Paul Longo never uses the word dynasty. The head football coach of the William Floyd Colonials commands a perennial powerhouse, and in recent years repeated media reports, fans and opposing coaches have praised him for creating a “dynasty.”
“I hear it,” said Longo. “I look forward to the next game. I don’t like to look back at what we did, but how good we can still be.” During the last 10 seasons, the Colonials have won seven Suffolk County Division I titles. Three times, the players from the Mastic Beach-Shirley area produced a perfect season (11-0) and won the 2005-06-07 Long Island Championships. The Colonials built an overall 96-12 record and won 16 of their last 19 playoff games. The 2007 team earned a Top 25 national ranking from Sports Illustrated magazine.
“I think it has been an amazing journey to have accomplished what we accomplished,” said Longo. “So many exciting games and thrills.”
Andy Slawson of Newsday, who has watched high school sports for the last 36 years, is considered Long Island’s best prep sports historian. “Paul Longo is as good as any coach in the history of Long Island football,” said Slawson. “Paul has done an amazing job. He is an offensive genius who knows how to get the most from his kids. He has done things that no other coach on Long Island has done in the 130-year history of high school football on Long Island.”
Longo said the Colonials’ No. 1 achievement is a Long-Island-record 42-game winning streak (2005-08). Year after year, other Suffolk head coaches say Floyd is the team to beat. The Colonials, who have won 75 of their last 80 regular-season games, will begin their 2011 title quest September 10 against Lindenhurst.
“Paul has the premier program in Suffolk County,” affirmed Nick Lombardo, the Lindenhurst head coach.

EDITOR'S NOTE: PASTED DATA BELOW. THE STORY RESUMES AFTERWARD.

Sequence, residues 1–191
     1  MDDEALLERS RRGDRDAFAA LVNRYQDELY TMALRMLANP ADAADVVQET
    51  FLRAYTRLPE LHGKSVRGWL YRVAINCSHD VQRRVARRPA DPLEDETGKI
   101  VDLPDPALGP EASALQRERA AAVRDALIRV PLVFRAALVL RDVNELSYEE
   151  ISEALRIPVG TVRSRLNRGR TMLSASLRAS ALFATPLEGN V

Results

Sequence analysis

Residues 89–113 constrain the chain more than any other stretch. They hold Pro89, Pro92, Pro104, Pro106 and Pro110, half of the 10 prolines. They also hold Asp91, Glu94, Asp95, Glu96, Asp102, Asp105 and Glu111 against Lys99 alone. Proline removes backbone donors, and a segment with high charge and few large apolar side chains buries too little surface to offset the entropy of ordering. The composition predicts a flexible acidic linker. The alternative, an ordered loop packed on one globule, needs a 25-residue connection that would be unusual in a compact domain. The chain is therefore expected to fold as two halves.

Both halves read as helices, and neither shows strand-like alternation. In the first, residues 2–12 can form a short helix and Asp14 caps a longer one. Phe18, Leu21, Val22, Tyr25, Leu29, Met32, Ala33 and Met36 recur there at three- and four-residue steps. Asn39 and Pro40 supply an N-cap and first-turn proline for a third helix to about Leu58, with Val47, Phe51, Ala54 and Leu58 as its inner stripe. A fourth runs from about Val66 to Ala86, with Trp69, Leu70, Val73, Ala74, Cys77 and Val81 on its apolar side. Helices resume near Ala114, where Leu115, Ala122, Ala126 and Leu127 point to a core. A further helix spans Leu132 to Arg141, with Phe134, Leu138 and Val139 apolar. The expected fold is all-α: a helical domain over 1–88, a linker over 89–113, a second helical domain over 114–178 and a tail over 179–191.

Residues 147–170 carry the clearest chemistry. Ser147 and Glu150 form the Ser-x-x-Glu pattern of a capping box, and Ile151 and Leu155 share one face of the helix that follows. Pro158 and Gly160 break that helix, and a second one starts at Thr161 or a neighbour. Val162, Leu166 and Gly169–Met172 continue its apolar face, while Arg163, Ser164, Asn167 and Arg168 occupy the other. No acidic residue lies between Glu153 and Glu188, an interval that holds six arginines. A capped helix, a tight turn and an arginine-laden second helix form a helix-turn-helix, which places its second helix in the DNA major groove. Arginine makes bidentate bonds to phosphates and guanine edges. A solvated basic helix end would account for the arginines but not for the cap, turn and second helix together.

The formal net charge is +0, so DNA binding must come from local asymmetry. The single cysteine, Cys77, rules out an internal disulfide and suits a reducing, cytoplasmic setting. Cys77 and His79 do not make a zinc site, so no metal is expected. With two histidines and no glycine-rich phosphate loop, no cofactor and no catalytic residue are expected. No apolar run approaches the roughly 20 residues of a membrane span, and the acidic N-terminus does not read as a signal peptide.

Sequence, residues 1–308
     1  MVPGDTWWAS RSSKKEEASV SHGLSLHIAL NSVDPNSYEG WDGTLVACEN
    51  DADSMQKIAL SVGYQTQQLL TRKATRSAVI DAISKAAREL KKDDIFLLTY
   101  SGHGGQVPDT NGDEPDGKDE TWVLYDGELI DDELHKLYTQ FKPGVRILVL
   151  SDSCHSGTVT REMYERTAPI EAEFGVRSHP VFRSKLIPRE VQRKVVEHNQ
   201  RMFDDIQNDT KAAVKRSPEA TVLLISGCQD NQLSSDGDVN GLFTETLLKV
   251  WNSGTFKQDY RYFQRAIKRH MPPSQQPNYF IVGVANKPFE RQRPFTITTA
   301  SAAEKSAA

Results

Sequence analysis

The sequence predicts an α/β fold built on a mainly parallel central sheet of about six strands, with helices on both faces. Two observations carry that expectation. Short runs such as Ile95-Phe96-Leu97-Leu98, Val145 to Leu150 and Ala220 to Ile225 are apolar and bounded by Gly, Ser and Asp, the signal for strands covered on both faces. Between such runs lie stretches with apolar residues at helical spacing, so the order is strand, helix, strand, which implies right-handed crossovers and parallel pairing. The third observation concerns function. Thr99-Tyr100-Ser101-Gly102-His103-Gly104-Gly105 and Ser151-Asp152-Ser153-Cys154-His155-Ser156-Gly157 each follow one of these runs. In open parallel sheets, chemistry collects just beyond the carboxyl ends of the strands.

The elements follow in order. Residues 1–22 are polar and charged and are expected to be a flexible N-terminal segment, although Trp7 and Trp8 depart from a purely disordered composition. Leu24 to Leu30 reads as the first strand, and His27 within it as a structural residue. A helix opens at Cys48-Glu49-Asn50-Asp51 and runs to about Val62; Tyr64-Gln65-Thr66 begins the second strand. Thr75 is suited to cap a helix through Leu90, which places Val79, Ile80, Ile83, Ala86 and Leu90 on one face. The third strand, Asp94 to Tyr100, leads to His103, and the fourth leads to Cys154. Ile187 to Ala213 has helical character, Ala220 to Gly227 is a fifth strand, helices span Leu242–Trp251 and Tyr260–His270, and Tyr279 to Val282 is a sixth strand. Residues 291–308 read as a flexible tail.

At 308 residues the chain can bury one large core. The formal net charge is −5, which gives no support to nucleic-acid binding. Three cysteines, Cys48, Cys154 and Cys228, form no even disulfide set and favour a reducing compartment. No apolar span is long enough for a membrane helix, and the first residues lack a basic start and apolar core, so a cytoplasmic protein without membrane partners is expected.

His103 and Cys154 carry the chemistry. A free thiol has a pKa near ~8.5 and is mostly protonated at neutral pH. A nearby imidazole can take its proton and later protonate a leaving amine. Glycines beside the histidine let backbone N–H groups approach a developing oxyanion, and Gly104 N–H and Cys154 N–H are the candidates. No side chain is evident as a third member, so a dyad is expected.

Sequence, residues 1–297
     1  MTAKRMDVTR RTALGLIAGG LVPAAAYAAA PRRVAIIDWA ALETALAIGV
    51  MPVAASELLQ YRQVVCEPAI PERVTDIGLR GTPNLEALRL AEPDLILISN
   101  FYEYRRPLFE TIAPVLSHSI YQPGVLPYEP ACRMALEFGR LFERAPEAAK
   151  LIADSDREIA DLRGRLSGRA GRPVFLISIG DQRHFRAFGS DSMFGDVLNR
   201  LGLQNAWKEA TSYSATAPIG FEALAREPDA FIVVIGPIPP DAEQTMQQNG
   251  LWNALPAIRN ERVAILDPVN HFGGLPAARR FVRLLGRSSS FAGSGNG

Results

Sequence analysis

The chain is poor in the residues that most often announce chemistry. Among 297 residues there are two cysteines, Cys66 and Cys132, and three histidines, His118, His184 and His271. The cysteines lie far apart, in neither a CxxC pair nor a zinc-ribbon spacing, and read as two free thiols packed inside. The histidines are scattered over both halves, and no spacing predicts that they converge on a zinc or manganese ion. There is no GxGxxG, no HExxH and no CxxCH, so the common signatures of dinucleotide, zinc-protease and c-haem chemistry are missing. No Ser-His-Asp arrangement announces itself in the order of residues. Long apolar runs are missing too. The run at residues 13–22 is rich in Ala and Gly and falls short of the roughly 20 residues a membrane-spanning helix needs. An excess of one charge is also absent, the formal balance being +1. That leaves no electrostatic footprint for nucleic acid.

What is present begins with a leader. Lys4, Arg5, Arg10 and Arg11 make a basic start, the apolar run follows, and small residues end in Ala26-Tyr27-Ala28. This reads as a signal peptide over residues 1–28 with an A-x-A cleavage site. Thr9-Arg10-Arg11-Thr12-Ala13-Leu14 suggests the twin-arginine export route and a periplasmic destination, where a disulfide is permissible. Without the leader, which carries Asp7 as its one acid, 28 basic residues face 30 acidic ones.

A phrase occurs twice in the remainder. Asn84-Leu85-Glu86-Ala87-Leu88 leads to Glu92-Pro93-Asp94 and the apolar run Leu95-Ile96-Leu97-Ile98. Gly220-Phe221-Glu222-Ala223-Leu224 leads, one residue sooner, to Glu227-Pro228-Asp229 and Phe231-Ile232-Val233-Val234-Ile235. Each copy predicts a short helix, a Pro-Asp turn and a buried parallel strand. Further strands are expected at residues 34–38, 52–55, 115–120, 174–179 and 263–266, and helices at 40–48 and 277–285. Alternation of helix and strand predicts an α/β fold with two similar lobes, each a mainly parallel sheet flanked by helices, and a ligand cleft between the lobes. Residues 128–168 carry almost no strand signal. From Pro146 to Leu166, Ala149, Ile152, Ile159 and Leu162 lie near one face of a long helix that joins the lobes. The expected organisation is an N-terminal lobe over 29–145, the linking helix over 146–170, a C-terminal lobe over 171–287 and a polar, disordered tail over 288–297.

Longo, a guidance counselor for 23 years at Paca Middle School in Mastic Beach, inherited a struggling program in 1995. Before he took command, Floyd never won a playoff game and no previous coach (starting in 1959) owned a winning record. “If you look at where William Floyd football was before [Longo] got there and where it is now, you’ve got to say he’s one of the most influential high school football coaches in Long Island history,” said Bob Herzog, a Newsday sportswriter for the last 35 years.
While Longo, who lives in Holbrook, is the astute boss, other factors contribute to Floyd’s lingering prosperity such as the stability among the assistant coaches. The staff totals more than 100 years of combined experience. Defensive coordinator Gil DeCicco has worked as Longo’s right-hand man for more than 15 years. Peter Lesiewicz, who has inspired the offensive linemen for 10 years, leads regular summer conditioning workouts.
The nearby community provides consistent and ample support. The local youth football organization is well organized and kids grow up knowing Floyd’s winning tradition. Middle school and JV teams grow future varsity players. Athletic Director Mark Mensch, a former Floyd football player, is a constant ally. Every summer, 70 or more Floyd players attend a skills camp on a college campus, and the Colonials compete in seven-on-seven passing tournaments.
When a young man joins the varsity, he learns he’s trusted to help extend the success. Some players have said they feel a definite pressure to win. They learn the high expectations and the dedicated, daily effort that the coaches demand.
Longo, a starting defensive tackle for Saint John the Baptist in West Islip in the mid 1970s, graduated from St. John’s University more than 30 years ago and considered becoming a lawyer. But he chose teaching. He once coached the Floyd Junior High teams to 63 consecutive victories.
During the season, he devotes about 40 hours a week to his program. He calls the offensive plays. In the off-season, Longo studies game films of top college teams.
Ernie Vilatore, a former Brentwood High head coach, has watched Longo for many years. “He is the most dedicated person I have ever seen for football,” said Vilatore. ”He loves the game. He is so committed and organized. He knows every kid in the program.”
On the sidelines, Longo usually looks calm. “I rarely get emotional,” he said. “I am more of a thinking coach, a chess master; more into the strategy…and having good communication with the players. Not a screamer, a yeller, a curser.”
Longo is 53 years old and coping with back problems, but said his zest has not diminished. “I love coaching so much, I want to coach as long as I am healthy…I want to coach to my last day. I still have the same enthusiasm I had when I was younger…I can’t imagine stopping.”